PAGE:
Discussions of political ecology today are often shrouded in an apocalyptic tone. I think this is a good thing given our history as a species which has evolved along a technological trajectory. What makes us human, perhaps more than anything else, is our elaborate tool making ability. Technology has long been crucial to what humans are and today it is not only a force we use to adapt, but one to which we must adapt. From the first pieces of flint, to parchment scrolls, the characters of languages, libraries, atomic devices, computers, all the way down to the digitalization of genetic codes, technology has been vital to our destiny as a species. After the first piece of flint was secured to a piece of wood to make an axe (for hunting and for murder), there was no turning back. We are neither innately good nor evil and we partake generously of both. The axe and the hammer contain as much evidence of who we are as does any “Holy Book”. As we look toward the future of life on earth we can depend upon humans to do both good and evil but we cannot necessarily be depended upon to act wisely and in our long term best interest. We can however, given our history, be depended upon to attempt technological solutions to any problem. One of our destinies is to eventually merge with technology and we have been ambivalent about this for the better part of six decades. Such are some of the most basic considerations informing the background against which discussions of political ecology should take place today.
Until the middle of the twentieth century humans managed to keep the upper hand over technology (although there were troubling signs during WWI as we watched almost an entire European generation literally fed to the machineries of the first advanced technological war). Hitler was there as a mere message boy but no doubt the first experiences of industrialized death left a mark on him. By 1945, and the end of his war, we had learned how to set off a chain of nuclear events from which we could only hope to hide deep underground. We have lived now for over half a century with the knowledge that the very technology which helps make us what we are has the ability to end what we are. We could somehow manage to imagine a few ragged survivors of a nuclear catastrophe but a genetic catastrophe would, no doubt, be thoroughly devastating. The atomic bomb and artificial intelligence seem rather tame now in a time of the likelihood of genetic terrorism, and the nanotechnologies with which we will profoundly redesign every species on the planet, including our own. The most important story of the 21st century will almost certainly be our encounter, at the level of a species, with death. It will probably arrive in one of two ways.
In one of our possible futures, the one that is of great concern to contemporary political ecologists, our current path will lead us to a dreadful ecological disaster that will wipe out most life on earth. There are many scenarios which describe this possible future and it is now a widely understood possibility. Fear of such ecological collapse is probably the primary motivating force behind efforts to devise a basic ecological survival strategy for humanity given the potential harm that our economics and technologies do to our natural environment. Most ecologists considering these issues rightly understand that what is at stake is the very survival of not only human life but the technologically engaged nature of that life. No one seriously thinks that we have a future that is a non-technological one any more than we have ever had a non-technological past. What most ecologists do agree upon is that our current political, economic and technological trajectories are heading us toward an ecological crisis that will lead to a total system failure. What most ecologists do not consider, in these urgent times of ecological distress, is the disturbing irony is that such a failure may actually be our last chance from something much worse – the success of the current system.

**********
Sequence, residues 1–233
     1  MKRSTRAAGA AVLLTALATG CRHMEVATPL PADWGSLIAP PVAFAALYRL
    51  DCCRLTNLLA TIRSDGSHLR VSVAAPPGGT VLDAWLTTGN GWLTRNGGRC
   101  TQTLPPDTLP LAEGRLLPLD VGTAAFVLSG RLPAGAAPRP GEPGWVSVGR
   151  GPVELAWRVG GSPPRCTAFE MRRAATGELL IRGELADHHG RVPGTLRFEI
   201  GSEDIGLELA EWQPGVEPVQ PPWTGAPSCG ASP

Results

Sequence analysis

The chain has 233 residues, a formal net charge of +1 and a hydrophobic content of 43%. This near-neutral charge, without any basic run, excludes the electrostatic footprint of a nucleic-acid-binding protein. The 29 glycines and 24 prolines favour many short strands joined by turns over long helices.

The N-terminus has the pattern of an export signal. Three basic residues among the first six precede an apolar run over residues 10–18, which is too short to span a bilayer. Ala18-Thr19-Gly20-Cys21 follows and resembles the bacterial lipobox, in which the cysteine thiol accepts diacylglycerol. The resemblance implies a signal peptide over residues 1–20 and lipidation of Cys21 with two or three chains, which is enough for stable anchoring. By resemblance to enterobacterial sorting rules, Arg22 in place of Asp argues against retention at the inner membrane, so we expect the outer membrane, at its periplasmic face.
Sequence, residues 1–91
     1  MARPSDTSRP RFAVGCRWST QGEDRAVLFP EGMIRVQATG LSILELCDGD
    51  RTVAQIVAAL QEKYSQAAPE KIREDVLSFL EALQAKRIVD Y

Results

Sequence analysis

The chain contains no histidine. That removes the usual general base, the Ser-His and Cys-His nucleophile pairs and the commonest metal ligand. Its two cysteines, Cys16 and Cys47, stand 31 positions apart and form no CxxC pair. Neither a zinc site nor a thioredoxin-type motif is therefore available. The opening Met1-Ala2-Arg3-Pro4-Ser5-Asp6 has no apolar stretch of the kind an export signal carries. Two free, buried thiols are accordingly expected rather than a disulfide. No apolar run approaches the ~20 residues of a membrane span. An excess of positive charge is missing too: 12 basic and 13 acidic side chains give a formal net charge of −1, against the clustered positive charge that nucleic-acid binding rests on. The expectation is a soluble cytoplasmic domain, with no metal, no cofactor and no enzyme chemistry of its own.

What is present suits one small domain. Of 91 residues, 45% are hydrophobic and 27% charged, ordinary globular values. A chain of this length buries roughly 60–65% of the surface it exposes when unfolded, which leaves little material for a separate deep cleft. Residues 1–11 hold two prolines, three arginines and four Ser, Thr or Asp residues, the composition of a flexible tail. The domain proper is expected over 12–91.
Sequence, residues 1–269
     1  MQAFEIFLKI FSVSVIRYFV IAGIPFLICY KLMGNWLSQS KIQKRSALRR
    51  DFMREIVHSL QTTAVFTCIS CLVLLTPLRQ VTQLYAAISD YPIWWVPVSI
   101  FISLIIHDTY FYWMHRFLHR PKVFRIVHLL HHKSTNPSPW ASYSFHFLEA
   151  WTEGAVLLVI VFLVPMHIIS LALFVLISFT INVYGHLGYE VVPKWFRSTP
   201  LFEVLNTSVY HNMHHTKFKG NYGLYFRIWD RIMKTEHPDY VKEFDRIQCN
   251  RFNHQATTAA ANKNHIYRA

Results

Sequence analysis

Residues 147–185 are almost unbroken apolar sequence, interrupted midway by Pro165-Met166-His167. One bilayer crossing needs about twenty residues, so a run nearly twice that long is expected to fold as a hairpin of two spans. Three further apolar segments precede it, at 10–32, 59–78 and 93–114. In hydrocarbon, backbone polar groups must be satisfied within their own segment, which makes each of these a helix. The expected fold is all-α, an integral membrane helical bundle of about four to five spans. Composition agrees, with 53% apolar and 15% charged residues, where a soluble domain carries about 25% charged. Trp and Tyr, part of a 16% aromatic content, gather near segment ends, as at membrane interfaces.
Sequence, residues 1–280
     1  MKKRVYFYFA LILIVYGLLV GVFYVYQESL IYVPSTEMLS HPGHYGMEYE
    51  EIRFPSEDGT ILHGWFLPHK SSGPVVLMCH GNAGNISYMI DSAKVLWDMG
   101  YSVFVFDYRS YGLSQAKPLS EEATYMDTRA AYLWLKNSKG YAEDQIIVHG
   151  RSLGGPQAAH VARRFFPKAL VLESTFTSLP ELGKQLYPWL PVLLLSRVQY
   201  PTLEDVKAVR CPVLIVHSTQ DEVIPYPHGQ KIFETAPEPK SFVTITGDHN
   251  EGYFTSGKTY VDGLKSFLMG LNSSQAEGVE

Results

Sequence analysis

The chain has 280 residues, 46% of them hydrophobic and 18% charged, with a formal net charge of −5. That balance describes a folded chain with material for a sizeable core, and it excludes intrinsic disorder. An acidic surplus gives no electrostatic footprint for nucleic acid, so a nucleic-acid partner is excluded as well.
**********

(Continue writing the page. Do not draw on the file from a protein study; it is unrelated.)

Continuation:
Another future scenario, also well understood, sees us able to avoid ecological collapse by making our human and technological systems sustainable. In the most glowing of these scenarios we will wipe out most (if not all) human ‘deformities’ and the possibility of an inherited disease will become a thing of the past (were these not also the dreams of Nazi science and eugenics?) In such a future we will also enjoy the birth of children whose characteristics have been carefully selected from a menu. The socialization of such expensive progeny will be carefully planned and parenting will almost certainly become a matter of dire responsibility in a world where, it is believed, little should be left to chance. Genetic cloning would almost certainly play a smaller role here than something we already know all too well – social cloning via various agencies of socialization (parents, schooling, mainstream media). Surely, in such a world, everyone would require a wearable mini-computer complete with retinal interface to the brain (the technology is already more than a decade old). Perhaps the ‘wear-comp’ could even correct our thoughts the way word processors today correct our typing.